Coming into his role as the director for the first two episodes of the new, live-action ‘Halo’ TV series, now on OSN, Otto Bathurst said he had little knowledge of the franchise.
“I was what we affectionately called a Halo virgin,” Bathurst said during a video interview with The Washington Post. “I knew the game. I’d heard of it, but I’m not a gamer at all, and I never was as a kid growing up.”
Familiarity with the gaming franchise for its TV adaptation became something of a hot-button issue when executive producer Steven Kane told Variety that the showrunners “didn’t look at the game.” The snippet of Kane’s interview made waves among fans of the revered video game series and generated multiple stories speculating how the games’ stories would be treated in the series. Kane clarified his comment later that week, noting the TV team had indeed learned about the game, referencing a Halo “boot camp” put on by the franchise’s maker, 343 Industries.
In Bathurst’s interview with The Post, the director explained further, detailing how the team at 343 walked the newcomers through the nuances of the Halo universe and how the lore of the games, along with their spin offs in novels and other media, impressed him.
“They took me through the whole history of Halo,” Bathurst said. “And they have this timeline, this massive long timeline, you know, and then the actual games sort of exist in like [he holds his finger and thumb up an inch apart] that much of the timeline. There’s like thousands of years this way, thousands of years that way [on the timeline] that haven’t even appeared in kind of anything, but they’ve all been kind of thought out and laid out. It’s extraordinary. It’s mad. It’s mad.”
He also noted the delicate task of placating existing fans of the game franchise and educating those coming in cold to the TV series. The following interview has been edited for length and clarity.
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So when were you first introduced to the franchise during the course of this project?
As soon as the job was on the table, then yeah, immediately. I did my research and dived in. Then three years ago, it was amazing, I went up to Seattle and hung out with [343 studio head for Halo transmedia and entertainment] Kiki Wolfkill and [Halo franchise director] Frank O’Connor and the rest of the team at 343 and just did what they call a boot camp and spent the best part of the week kind of immersing myself in the lore and the kind of whole vibe and the whole thing and just really getting to, frankly, to scratch the surface, to be honest. Because it’s so, so deep and so complex.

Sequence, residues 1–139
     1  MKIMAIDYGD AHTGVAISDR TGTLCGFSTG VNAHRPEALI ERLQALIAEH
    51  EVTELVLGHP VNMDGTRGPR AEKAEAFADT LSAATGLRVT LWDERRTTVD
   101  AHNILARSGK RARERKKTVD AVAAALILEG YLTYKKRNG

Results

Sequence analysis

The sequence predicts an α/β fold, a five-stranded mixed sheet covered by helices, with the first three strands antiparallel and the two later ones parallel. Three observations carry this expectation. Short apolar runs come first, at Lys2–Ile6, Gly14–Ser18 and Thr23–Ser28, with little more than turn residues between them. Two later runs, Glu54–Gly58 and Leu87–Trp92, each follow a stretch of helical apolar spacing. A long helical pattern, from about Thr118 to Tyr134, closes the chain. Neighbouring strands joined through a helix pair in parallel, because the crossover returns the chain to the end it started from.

Is that intimidating to just have a tidal wave of information thrown at you? Coming into a beloved franchise cold like that?
No, no, no. I mean, you know, yeah, it was intimidating to start, but then you see how supportive they are. What was amazing about 343, you know, making a TV show is completely different from making a video game — completely, completely different. The narrative, the narrative tools, the narrative expectations. It’s a completely different method of storytelling. And very quickly, it was very clear that 343 understood that and embraced that.
The fact they’ve done comics and anime ... they’re very aware of the fact that this a world and you come in and you take the bits out that you need and you go off and do your version. Whether you’re writing a comic, whether you’re writing a novel, whether you’re writing or making a TV drama, you know. And they’re very, very supportive of that and very kind of embracing of that. Once I got a sense of that, then I thought, “Okay, cool.”
I always maintained that — because we’re not making the show just for the fans but for a much, much, much wider audience than that — I always maintained, and I think it’s supportive, to actually have a Halo virgin in the mix. There were lots and lots and lots of questions I had.
That’s the massive challenge of taking on an IP like this, when you’re trying to cater to the fans and appease the fans, excite the fans and thrill the fans. And then you’re also going to bring this whole audience up to speed in, I don’t know how long, [and] get them on board.
What was a general day like during the boot camp at 343?
I don’t quite know why they call it a boot camp, because there isn’t any kind of physicality at all. You’re just in the offices of 343, and they basically take you through every single aspect [of the franchise]. So you get a broad history, you get a focused history, you go through every single one of the characters, you go through the lore behind the Spartans. It was clever, though, because we roughly knew what the story was, so they focused the boot camp to be relevant. I mean, there’s tons and tons and tons and tons of stuff that we didn’t even talk about, but we didn’t need to. And then we’d go into weaponry design and sound design, expectations of the fans, the world, the planets, the geography of the whole universe. We went through everything.